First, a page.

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Gabriela, Cravo e Canela
Jorge Amado
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Under the Loving Care of the Fatherly Leader: North Korea and the Kim Dynasty
Bradley K. Martin
A Time for Trumpets: The Untold Story of the Battle of the Bulge
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The German Army 1933-1945
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Corporal Hitler and the Great War 1914-1918: The List Regiment
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Homage to Catalonia - Lionel Trilling, George Orwell "HOMAGE TO CATALONIA" is George Orwell's tribute to Spain. He, like thousands of other foreigners sympathetic to the Spanish Republican government, had arrived in Spain in late 1936 to take up arms in its defense against the Nationalists, who, led by conservative, reactionary elements in the Spanish military (and aided materially by Hitler and Mussolini), were endeavoring to impose their authority over the country.

Upon arrival in Spain, Orwell is hastily trained and sent to the front. A few months later, while on leave in Barcelona, he finds himself caught up in the political infighting and bloodletting there among the various leftist elements supportive of the Republicans (chief among them the Communists). Given his association with a political movement now deemed anathema by Madrid, whose disparate elements are repressing it, Orwell is lucky to escape the clutches of the police and is sent back to the front. He's there for a short time before being wounded in the throat by a bullet that barely misses striking an artery and leaves him temporarily with a frail voice and weakened right arm and hand. He is shunted from hospital to hospital for treatment. Luckily, he manages to obtain a medical discharge, and together with his wife, barely escapes Barcelona and finds refuge in France.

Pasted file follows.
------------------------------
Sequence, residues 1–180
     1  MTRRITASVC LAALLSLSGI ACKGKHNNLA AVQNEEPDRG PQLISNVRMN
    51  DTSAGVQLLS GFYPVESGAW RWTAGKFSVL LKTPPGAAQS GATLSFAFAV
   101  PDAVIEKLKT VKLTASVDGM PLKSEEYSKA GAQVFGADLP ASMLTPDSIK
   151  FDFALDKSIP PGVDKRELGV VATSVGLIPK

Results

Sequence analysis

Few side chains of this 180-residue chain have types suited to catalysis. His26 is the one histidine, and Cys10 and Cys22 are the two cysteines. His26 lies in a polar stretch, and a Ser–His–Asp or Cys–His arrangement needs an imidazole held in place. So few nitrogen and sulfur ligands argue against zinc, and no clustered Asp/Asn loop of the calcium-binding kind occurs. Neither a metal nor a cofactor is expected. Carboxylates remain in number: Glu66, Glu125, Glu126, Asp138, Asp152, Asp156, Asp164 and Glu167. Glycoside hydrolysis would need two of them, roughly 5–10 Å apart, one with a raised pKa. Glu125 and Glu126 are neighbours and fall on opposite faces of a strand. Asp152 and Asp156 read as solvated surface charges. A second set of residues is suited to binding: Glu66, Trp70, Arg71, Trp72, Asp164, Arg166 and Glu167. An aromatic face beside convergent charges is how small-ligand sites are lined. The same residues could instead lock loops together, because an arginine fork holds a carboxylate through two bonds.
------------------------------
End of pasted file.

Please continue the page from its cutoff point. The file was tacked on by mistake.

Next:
While awaiting transit back to England, Orwell reflects back on his time in Spain. Despite his hardships, he loves the country and has a deep sympathy for its people. He admits that "the smell of the trenches, the mountain dawns stretching away into inconceivable distances, the frosty crackle of bullets, the roar and glare of bombs; the clear cold light of the Barcelona mornings, and the stamp of boots in the barrack yard, back in December when people still believed in the revolution; ...Good luck to them all; I hope they win their war and drive all the foreigners out of Spain, Germans, Russians and Italians alike. This war, in which I played so ineffectual a part, has left me with memories that are mostly evil, and yet I do not wish that I had missed it."


I used to wonder why it was that so many people outside of Spain went there during the Civil War to defend its government against a Fascist takeover. Now, having read '[b:Homage to Catalonia', I'm much closer to a fuller understanding.